7 Tips for using a green screen

Paul Richards
A free video tutorial from Paul Richards
Chief Streaming Officer
4.3 instructor rating • 24 courses • 50,934 students

Lecture description

7 Green Screen Tips for a perfect picture

  1. The Green Screen itself!

    1. Background should not reflect light! Reflections change the shades of green. Ideally it should be a flat color and evenly lit.

    2. Diffusing lighting is ideal! Be careful for reflections of light

  2. Location of green screen and camera

    1. Average 2’ off of the ground for green

      1. Stand up would be all the way to the ground

    2. Ideally green screen will be 4’ behind you to remove shadows and issues

    3. Camera location - Sitting at least 3-4’ away from the camera to avoid lighting issues

  3. Lighting should be even.

    1. Perhaps the most critical aspect of a good green screen layout

    2. Watch out for lighting that is only down facing. Try adding light directed toward your subject and green screens

    3. LEDs today can provide wonderful light spectrums and colors

    4. Diffused lighting is best. Be careful for lighting that

  4. Camera Tuning

    1. Start with a perfect white balance

    2. Hue is perhaps the most powerful tool for removing stray pixels in your virtual background

    3. Use focus to make your talent in focus and allow the green screen to be out of focus

  5. Adjust your software settings

    1. Once you have done your best to set up all the physical aspects of your green screen use software settings as a final tuning process

  6. When all else fails try darker background image or video to hide stray pixels

  7. Optimize your image

    1. Crop out edges you don’t need

    2. But leave plenty of room for your arms to stretch out… You don’t want your arms getting cut off during your presentation!

Extra Content:


Adding a green screen to your webinar can take your talent anywhere they need to go. Live streaming and webinar technologies are so easy and affordable, it’s worth looking into a few simple additions to your workflow that can increase the professionalism of your videos. In this eBook, we will review how you can easily use today’s technology to add a green screen which can transform our message and presentations just like the professionals on TV! Simple additions such as lower thirds, virtual sets and video overlays can make your next webinar at hit viewers will want to share on social media and keep coming back for more!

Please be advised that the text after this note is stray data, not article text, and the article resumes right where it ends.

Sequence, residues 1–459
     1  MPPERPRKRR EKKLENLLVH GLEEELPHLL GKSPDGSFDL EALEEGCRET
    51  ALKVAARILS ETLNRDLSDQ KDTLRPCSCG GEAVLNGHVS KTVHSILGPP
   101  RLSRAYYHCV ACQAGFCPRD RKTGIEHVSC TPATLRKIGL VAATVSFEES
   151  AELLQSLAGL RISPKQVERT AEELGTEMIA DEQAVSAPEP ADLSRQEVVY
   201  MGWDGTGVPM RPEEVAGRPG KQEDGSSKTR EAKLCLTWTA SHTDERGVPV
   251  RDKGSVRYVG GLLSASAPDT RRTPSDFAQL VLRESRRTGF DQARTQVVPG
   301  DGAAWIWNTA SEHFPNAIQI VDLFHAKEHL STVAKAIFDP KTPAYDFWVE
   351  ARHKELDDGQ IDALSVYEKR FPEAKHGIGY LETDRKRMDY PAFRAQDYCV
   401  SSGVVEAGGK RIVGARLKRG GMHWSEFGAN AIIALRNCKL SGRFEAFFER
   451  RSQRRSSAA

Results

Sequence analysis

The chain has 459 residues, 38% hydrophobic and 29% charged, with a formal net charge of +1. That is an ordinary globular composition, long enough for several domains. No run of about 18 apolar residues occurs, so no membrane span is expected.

What you can do with a green screen

When I refer to “talent” I am talking about the person or people who are hosting your live stream / webinar. The talent video input is perhaps the most important element to your live stream. You want to make sure you have ideal lighting on your subjects and make sure the green screen you purchase allows your talent enough room to make their planned presentation.

Green screens allow you to take your talent layer and put them almost anywhere in the world including virtual sets which we will talk about in detail in this eBook. When you are choosing a virtual set for 1-2 people at 10’x10’ size should cover both subjects when they are sitting at a table. Most green screens come with a tripod system which allows the green screen to drape behind your talent. It is important to get a good camera view of your talent ideally 12-16 feet away and zoomed in to crop out all non-green surfaces (you can also do cropping digitally).

Once you have a good camera shot of your talent with the green screen backdrop you can start to add your chroma-key. You may find that your chroma-key works perfectly digital, or you may need to add additional light to the green screen to even the shading. Either way once your chroma-key has been tweaked you can start overlaying your talent video layer over various backgrounds, videos and virtual sets.

Backgrounds, videos and virtual sets

Now the fun begins. What background will work best for our next webinar? Virtual Sets are the most diverse and flexible backgrounds because they allow you to place the talent in front of a ideal background and behind a ideal foreground. For example you might place your talent at a in front of a modern lobby with a modern desk in front of them. There are many version of virtual sets that can place your talent in almost any background/foreground combination for a seamless transportation to the ideal scenery for your next webinar. PTZOptics has 19 free virtual sets that we offer with our cameras for free which are focused on providing industry specific scenes such as: Classrooms, Conference Rooms, Modern Office Spaces, Houses of Worship, Inspirational Scenes and more.

Virtual Sets are easy to use and customize. Some virtual sets even include a virtual LCD monitor / additional input space content. Therefore you can have your talent in the modern lobby and their PowerPoint in a LCD. This is very popular in modern television for broadcast where a LCD TV or Pop-Up box is included with supporting content for the talent. These layers can easily be controlled in software such as vMix which simply provides a drop down menu for selectable inputs. Personally I like to connect my iPad to a virtual LCD and use annotation to make my point more clearly. You can also use a “merge” effect to pull a intro video into a virtual LCD at the beginning of your webinar.